Geoffrey of Villehardouin: “On the Conquest of Constantinople”


Rufus F.

Rufus is an American curmudgeon in Canada. He has a PhD in History, sings in a garage rock band, and does a bunch of other stuff.

Related Post Roulette

7 Responses

  1. Avatar Will says:

    This is an excellent post. I’d note that as early as the First Crusade, popular sentiment among the poorer Europeans ran heavily against the Greeks, who were viewed as foreign, schismatic, and possibly in league with the enemy. If I remember correctly, the author of the Gesta Francorum accused the Byzantines of straightforward treachery against the Crusaders:

    “When the Emperor heard that the most honorable man, Bohemund, had come to him, he commanded that he be received with honor and carefully lodged outside the city. When he had been so lodged, the evil Emperor sent for him to come to speak with him in secret. Thither, also, came Duke Godfrey with his brother, and at length the Count of St. Gilles approached the city. Then the Emperor in anxious and fervid rage was pondering some way by which they might seize these knights of Christ adroitly and by fraud. But Divine Grace disclosing (his plans), neither time nor place was found by him, or his men, to do them ill.”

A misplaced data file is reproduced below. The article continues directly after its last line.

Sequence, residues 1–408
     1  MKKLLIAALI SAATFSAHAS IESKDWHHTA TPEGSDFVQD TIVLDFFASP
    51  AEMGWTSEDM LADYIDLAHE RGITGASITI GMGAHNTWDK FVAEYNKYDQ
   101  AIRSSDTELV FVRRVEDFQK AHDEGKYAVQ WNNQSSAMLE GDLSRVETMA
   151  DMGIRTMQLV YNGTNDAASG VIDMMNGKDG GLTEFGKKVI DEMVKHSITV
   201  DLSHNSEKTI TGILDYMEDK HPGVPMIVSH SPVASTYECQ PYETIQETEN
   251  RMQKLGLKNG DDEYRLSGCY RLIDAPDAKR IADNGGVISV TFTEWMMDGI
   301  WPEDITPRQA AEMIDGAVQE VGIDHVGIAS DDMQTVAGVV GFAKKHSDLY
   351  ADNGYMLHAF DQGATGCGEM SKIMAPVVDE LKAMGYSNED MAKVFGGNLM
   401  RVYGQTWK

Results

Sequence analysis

Which is to say, greed wasn’t the only reason the Crusaders sacked Constantinople.

    • Avatar Paul B says:

      @Will (and Rufus),

      Anybody ever read the Alexiad? I must confess I haven’t, but it’s on my to-read list. From what I gather, the notion of seeing the other side as barbarians wasn’t unique to the “Latins.”

      Also, apropos of canon-blogging, this notion of preemptive absolution reminds me of Guido de Montefeltro and Boniface VIII in the Inferno.Report

      • Avatar Will says:

        @Paul B, I’ve read excerpts, but not the whole thing. Very gossipy, but you do get an idea of how bizarre the whole expedition appeared to Byzantine elites.Report

      • Avatar Rufus F. says:

        @Paul B, I’ll take another look at it too. I did pick up Usama Ibn Munqidh’s Book of Contemplation, which is an Arab account of the Crusades and what they made of the crusaders. I wanted to post something on that, but found in reading it that I really had to absorb a lot of new concepts and terms, which makes it slow reading.

        Another great book (written later and very fictional) on the topic is Torquato Tasso’s Jerusalem Delivered, which is written pretty much in the style of the Aeneid. It’s also extremely entertaining.Report

  2. Avatar Simon K says:

    Reminds me of managing software engineers …Report

  3. Avatar Will says:

    Somebody really should ask Daniel Larison about this stuff. Isn’t he a Byzantine historian?Report